All Things Considered
All Things Considered
Monday, July 23, 2007

Minnesota Public Radio Stories

  • Gov. Tim PawlentyPawlenty takes over as head of governors association
    In the year the National Governors Association turns 100, Gov. Tim Pawlenty has moved into the chairman's role. Energy tops his agenda.4:50 p.m.
  • Stearns County cowsDairy farmers enjoy high prices
    Dairy farmers are currently being paid some of the highest prices they've ever seen for milk. But consumers are paying higher prices at the grocery store.5:20 p.m.
  • ParentsEdina girl injured in pool accident could go home this week
    The parents of the 6-year-old Edina girl injured in a pool accident say their daughter could be released for Minneapolis Children's Hospital by the end of this week. Abigail Taylor was injured June 29 when she sat over an open drain in a wading pool at the Minneapolis Golf Club.5:24 p.m.
  • Book jacketIllustrator says goodbye to Harry Potter series
    Mary GrandPre grew up in Bloomington and was living in St. Paul when she began illustrating the U.S. version of Harry Potter books. As such, she's had advanced knowledge about the books, including how the series finally ends.5:50 p.m.

National Public Radio Stories

  • Foreclosures Flood California Housing Market
    California now accounts for six of the nation's top 10 metro areas with the most foreclosures per household. As the state's once-sizzling housing markets freeze over, homeowners with adjustable-rate, subprime mortgages struggle to keep their finances afloat.
  • Luxury Homes Are Hot Properties
    Low-priced properties have tanked and the middle of the market is struggling. But sales of luxury homes are booming. Analysts say a strong stock market and weak dollar are bringing wealthy buyers, both American and foreign, into the high-end market.
  • Stats of NBA Referee Combed for Clues to Gambling
    NBA referee Tim Donaghy allegedly gambled heavily, bet on games that he worked and might have influenced the outcome of those games. Jon Campbell, editor of, is examining Donaghy's statistics, looking for anomalies.
  • Secularists Wary of Turkish Party's Roots in Islam
    The Justice and Development Party's win in Turkey's elections has secularists nervous, as the prime minister's party has roots in political Islam. Soner Cagaptay, an expert in Turkish secularism, says Turkey's brand of Islam is progress-oriented and outward-looking.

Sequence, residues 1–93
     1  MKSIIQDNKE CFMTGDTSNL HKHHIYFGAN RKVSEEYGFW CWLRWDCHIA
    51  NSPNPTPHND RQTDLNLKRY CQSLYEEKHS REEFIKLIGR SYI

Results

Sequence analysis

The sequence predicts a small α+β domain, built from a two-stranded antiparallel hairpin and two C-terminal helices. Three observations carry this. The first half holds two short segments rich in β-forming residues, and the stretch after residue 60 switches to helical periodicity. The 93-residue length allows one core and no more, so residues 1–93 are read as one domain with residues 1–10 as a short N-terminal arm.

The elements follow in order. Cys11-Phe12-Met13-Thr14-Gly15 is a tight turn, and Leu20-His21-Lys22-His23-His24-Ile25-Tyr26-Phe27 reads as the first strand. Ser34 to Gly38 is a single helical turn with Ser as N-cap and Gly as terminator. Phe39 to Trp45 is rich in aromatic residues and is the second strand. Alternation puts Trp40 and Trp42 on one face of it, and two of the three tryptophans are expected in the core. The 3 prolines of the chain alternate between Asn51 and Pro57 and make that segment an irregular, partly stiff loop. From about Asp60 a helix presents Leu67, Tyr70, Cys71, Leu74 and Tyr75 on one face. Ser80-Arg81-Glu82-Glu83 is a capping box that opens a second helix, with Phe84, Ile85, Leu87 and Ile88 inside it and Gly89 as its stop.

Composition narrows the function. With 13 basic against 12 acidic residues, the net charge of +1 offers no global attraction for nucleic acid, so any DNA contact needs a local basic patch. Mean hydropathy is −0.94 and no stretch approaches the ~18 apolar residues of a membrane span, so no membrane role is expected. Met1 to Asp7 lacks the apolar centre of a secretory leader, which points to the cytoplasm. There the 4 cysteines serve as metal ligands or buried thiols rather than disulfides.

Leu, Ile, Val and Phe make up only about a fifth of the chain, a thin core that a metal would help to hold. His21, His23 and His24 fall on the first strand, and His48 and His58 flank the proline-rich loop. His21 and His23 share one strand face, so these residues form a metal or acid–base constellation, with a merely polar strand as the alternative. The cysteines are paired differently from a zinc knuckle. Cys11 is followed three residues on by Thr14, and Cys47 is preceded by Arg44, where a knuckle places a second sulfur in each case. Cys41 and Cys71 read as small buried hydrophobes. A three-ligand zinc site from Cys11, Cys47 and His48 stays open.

• Tracing the Path of U.S.-Iran Relations
    NPR Senior News Analyst Daniel Schorr takes on the evolution of the United States' relationship with Iran.
  • Theories Tying Human Health, Climate Gain Ground
    Physician Paul Epstein has been trying to get people interested in climate change since the early 1990s. Given what would happen if he didn't treat a patient at the outset of an illness, he says, we have to act now to help the Earth — before it's too late.
  • Symptoms of Global Warming in Northern Alaska
    Shifting ice floes, melting permafrost, buckling roads and an increase in insects are signs of climate change throughout Alaska. Melissa Block has been traveling the state and has this update from Barrow, Alaska, the northernmost settlement in the United States.
  • A Summer in Suspension, Waiting for Life's Start
    Augusten Burroughs says The Member of the Wedding captures the magic of summer: "The pages themselves nearly sweat, and there is humidity between the lines."
  • New Music from the Gulf States' King of Khaleeji
    Recent decades have seen a rise in music from the Gulf states in the Middle East. The musical style is called khaleeji, and the king of that music — Mohammed Abdo – recently released a live album, Al Amaken.
  • U.S. on al-Qaida in Pakistan: No Options Off Table
    The National Intelligence Estimate shows that al-Qaida is growing stronger, and the situation in Pakistan is losing stability. The White House says it won't rule out military activity: "There are no options that are off the table."

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